Hello Everyone, My name is Serhan Delareyna, I am a 2012 graduate of Ulus Jewish Schools in Istanbul, Turkey. I have studied Industrial Engineering in Worcester Polytechnic institute in Massachusetts, and graduated in February 2016. Currently I am working as an Industrial Engineer in California in Tesla Motors, with the goal of accelerating the world’s transition into sustainable energy. Project based learning and curiosity for seeking for improvement definitely played a major role in my life. My project experience started in Ulus Jewish Schools, when I, along with my classmate Izel Avimelek, have attended to the I-SWEEEP Science Project Olympiad with an Alternative Energy House design which utilized a special roof to collect rainwater and solar energy, and aimed to create a house that can sustain itself. We got the chance to interact with students from all around the world and we were awarded a Silver Medal in the competition. That was the time that I realized that if I want something to happen, I should just get out there and start doing it. Learning the theory of something definitely provided me with a lot of knowledge, but applying it brought a whole different perspective. That’s why I chose Worcester Polytechnic Institute as a college, a university that values and encourages project based learning. I had the chance to travel to Costa Rica and work with the National Fire Department of Costa Rica, in order to improve fire prevention and safety inspection procedures in the country. I have also worked with Millipore Sigma, a pharmaceutical company that is subsidiary of Merck KGaA, in order to apply lean manufacturing techniques and optimize changeover process. I have always aimed to use my skills to solve problems that would save lives and improve the current status of the world. Exposure to global project based learning helped me work with global companies, get to know new cultures and business environments and utilize multiple languages to express myself and explain my projects. I have learned to never be afraid of speaking up and contributing ideas, you never know what they could grow into. I have also learned to always pursue my goals and interests and at the same time I made sure those aligned with creating a better future for next generations. For all of my friends who are in their education phase right now, I would highly recommend to try to apply your knowledge and observe outcomes any chance you get. Try to interact with people from different background and cultures to gain multiple perspectives on global problems and take advantage of all the project competition and other opportunities offered by educational institutions and other organizations. If you want your voice heard, you got to speak up and start taking part in shaping the world’s future! Chase your goals and dreams, and have fun while doing so! 80% of the path that leads to success is dedication. Remember Thomas Edison, who had 1,000 tries before he invented the light bulb. I would like to thank my teacher and advisor Mr. Talha Kilic and all my other tutors who have played a role in opportunities presented to me, and wish fellow students good luck in pursuing their aspirations. Best Regards, Serhan Delareyna

Zeynep Karacan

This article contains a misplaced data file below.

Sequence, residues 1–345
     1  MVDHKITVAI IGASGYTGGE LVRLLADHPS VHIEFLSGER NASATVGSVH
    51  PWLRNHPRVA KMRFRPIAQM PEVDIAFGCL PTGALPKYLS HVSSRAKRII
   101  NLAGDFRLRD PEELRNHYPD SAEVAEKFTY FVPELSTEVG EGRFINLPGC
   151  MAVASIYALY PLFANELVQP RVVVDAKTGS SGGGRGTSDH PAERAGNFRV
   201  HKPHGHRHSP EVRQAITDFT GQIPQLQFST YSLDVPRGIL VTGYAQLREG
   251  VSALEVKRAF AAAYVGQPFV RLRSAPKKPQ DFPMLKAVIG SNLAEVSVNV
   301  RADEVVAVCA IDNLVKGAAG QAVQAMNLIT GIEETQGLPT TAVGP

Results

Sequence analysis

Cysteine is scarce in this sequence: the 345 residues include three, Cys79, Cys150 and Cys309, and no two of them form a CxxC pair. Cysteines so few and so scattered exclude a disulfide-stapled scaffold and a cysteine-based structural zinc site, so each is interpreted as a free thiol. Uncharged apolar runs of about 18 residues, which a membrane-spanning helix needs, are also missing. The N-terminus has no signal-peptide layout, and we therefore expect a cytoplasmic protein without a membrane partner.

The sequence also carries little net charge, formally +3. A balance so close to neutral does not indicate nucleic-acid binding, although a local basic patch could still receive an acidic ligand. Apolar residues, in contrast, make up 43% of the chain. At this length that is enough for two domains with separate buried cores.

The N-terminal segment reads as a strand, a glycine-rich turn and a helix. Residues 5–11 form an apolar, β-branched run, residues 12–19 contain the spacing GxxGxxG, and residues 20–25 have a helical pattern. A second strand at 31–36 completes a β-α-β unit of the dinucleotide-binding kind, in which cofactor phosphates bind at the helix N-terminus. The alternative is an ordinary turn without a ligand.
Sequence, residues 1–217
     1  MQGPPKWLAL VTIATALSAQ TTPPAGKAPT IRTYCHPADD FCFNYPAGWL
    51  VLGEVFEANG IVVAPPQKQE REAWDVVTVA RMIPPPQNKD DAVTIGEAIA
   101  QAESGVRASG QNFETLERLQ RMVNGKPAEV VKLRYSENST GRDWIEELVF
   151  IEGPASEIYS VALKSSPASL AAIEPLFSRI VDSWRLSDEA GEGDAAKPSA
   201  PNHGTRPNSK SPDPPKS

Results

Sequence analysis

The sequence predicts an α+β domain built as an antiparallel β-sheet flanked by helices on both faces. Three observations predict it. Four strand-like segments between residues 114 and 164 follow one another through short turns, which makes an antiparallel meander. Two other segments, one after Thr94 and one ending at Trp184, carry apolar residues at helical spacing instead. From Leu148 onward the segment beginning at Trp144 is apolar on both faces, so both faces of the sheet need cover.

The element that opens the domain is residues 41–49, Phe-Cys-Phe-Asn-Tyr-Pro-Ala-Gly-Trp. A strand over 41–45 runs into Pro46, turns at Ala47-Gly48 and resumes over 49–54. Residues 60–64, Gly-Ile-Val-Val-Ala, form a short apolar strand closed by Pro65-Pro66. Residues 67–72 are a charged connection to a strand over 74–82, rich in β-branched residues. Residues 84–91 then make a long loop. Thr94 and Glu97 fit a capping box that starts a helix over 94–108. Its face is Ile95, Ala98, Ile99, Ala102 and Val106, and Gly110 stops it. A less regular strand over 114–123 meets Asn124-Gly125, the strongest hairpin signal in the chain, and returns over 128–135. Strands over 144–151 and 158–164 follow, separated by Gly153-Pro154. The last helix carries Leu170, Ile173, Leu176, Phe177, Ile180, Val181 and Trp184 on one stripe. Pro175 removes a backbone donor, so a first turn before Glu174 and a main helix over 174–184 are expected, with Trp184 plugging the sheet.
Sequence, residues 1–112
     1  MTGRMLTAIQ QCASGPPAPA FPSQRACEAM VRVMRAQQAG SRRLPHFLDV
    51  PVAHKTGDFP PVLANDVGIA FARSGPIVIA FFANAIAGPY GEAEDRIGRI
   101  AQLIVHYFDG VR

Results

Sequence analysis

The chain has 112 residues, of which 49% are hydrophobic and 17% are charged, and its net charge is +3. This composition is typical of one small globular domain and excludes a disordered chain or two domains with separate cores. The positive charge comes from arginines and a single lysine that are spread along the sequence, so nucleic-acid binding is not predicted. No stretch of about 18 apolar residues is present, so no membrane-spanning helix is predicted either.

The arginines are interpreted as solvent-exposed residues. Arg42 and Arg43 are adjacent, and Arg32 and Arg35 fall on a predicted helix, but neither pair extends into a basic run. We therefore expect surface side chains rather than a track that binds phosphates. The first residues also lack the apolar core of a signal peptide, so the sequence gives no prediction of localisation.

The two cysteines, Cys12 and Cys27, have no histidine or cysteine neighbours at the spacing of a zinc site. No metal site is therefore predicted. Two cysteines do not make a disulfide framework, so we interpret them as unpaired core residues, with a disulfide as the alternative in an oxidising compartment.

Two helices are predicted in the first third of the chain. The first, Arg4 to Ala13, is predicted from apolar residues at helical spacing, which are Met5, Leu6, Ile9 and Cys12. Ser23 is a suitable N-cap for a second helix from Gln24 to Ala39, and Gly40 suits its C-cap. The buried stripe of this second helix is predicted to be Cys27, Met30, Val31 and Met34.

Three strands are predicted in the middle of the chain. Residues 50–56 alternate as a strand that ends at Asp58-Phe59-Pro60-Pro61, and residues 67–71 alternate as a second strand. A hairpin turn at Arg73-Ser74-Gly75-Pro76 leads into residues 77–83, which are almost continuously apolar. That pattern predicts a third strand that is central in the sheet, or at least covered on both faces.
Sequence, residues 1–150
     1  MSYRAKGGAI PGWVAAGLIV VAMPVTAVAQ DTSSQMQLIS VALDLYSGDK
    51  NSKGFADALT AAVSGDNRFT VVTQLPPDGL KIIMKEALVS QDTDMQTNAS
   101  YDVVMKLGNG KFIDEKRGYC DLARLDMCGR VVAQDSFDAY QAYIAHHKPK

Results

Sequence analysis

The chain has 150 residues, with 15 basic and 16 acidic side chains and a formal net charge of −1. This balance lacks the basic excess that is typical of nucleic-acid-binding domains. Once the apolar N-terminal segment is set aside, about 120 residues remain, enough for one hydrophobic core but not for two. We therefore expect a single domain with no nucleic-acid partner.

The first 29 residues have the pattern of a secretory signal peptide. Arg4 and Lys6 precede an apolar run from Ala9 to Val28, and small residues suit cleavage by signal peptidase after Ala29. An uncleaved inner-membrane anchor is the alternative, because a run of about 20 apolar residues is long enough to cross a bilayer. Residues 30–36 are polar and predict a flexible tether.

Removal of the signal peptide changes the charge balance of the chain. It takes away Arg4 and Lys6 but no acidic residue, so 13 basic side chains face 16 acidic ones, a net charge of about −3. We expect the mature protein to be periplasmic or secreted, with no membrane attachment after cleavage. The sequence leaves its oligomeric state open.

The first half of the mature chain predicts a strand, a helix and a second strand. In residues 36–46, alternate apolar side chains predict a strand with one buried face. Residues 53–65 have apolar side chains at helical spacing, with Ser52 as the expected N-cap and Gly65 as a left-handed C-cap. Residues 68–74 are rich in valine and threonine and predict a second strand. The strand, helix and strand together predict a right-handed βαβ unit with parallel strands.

Hello Future Innovators! This is not a scene from A Beautiful Mind, and I don’t begin my letter by asking “Who’s going to be the next Einstein?” I have been sitting in your place last year, wondering if I, a high school student, could actually design&develop future’s inspiring Technologies. If you feel nervous or süper-excited, you can easily understand what I was feeling. My name is Zeynep Karacan, and I am currently the valedictorian of Galatasaray High School. My main interests are applied mathematics, electrical engineering and computer science. I am also a young pianist, giving concerts for charity foundations such as Cagdas Yasam with my chamber music group, Sultani Piano Quartet. I went to Research Science Institute at MIT, the most selective program for high school students, and pursued operations research fort he first time in RSI history.My hobbies include music, ancient philosophy, debating political concepts, tango, chair-surfing (a type of wigwagging you do while sitting on a chair), going to the nearby Chinese restaurant with my fellow Galatasaray friends, and reading,thinking,analyzing and exploring at any opportunity. I have been involved in electrical engineering research with my mentor Talha Kılıç, who supported me along the way, and helped me explore the pragmatic approach to science. I took great pleasure in putting physics formulas into real-world functioning devices. He later encouraged me to apply to RSI, which turned out to be the most memorable experiences of my life. Academically RSI was really demanding. We had university-level classes in engineering and maths, as well as humanities. We were made to read Frankenstein prior to the program, so we had the chance to discuss all the different aspects of the novel throughout the lectures. Apart from the classes, we pursued one-on- one research with prominent professors in different fields and universities. I did operations research, which means that I modeled industry-growth problems and created complex algorrithms and models for systems to function more efficiently. I later put them together as computer science codes. At the end of 6 weeks, my mentor,the founder and CEO of Project Radix, adopted my growth model in his private business. It was such an honor to have worked with him and design applications that have real world implementation. However, RSI was not only academics. Almost 3 days a week, we were lectured by a Nobel laureate on various topics, such as molecular biology, economics or Department of Defense innovations. The night that impacted me the most was having dinner with Prof. Noam Elkies, the youngest-ever Harvard Professor, a genius in maths and music. We had a lot to talk about and at the end of the night, he managed to explain how Chopin etude no 12 is relevant to Euclidian Algorithm. Wow. In addition, the community of RSI and the student body far exceeded my expectations. I made really close friends, whom I still talk to every week. We played midnight frisbee on a wet field at 2 am, cooked national Turkish and Israeli food together fort he “International Night”, consumed an excessive amount of marshmellows and spent our nights playing ping-pong and discussing quantum physics, while bursting into laughter in tears. The people at RSI taught me to enjoy life&science in harmony. It was a great opportunity to be surrounded by 81 people smarter than I. Now, I am ready to take on bigger, more complex challenges. I would like to study engineering, especially Virtual Reality applications, to understand how “virtual” the “reality” could be.I believe that the most important thing to do now for you, is to pursue what you are passionate about, and to enjoy exploring (and trying to help rewriting) “the poetry of reality”, which happens to be science. Good luck in your research and future accomplishments, Zeynep Karacan